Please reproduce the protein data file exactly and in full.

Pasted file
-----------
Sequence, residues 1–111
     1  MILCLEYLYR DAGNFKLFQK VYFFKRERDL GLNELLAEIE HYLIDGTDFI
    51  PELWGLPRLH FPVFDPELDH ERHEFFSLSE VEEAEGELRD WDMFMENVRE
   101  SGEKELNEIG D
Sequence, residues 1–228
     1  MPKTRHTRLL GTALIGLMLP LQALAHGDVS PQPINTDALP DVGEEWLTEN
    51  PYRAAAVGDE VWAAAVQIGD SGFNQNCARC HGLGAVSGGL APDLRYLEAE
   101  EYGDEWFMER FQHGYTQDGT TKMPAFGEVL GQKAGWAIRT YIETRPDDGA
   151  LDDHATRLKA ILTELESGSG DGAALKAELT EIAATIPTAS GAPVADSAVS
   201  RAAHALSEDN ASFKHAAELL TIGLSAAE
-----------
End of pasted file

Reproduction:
Sequence, residues 1–111
     1  MILCLEYLYR DAGNFKLFQK VYFFKRERDL GLNELLAEIE HYLIDGTDFI
    51  PELWGLPRLH FPVFDPELDH ERHEFFSLSE VEEAEGELRD WDMFMENVRE
   101  SGEKELNEIG D
Sequence, residues 1–228
     1  MPKTRHTRLL GTALIGLMLP LQALAHGDVS PQPINTDALP DVGEEWLTEN
    51  PYRAAAVGDE VWAAAVQIGD SGFNQNCARC HGLGAVSGGL APDLRYLEAE
   101  EYGDEWFMER FQHGYTQDGT TKMPAFGEVL GQKAGWAIRT YIETRPDDGA
   151  LDDHATRLKA ILTELESGSG DGAALKAELT EIAATIPTAS GAPVADSAVS
   201  RAAHALSEDN ASFKHAAELL TIGLSAAE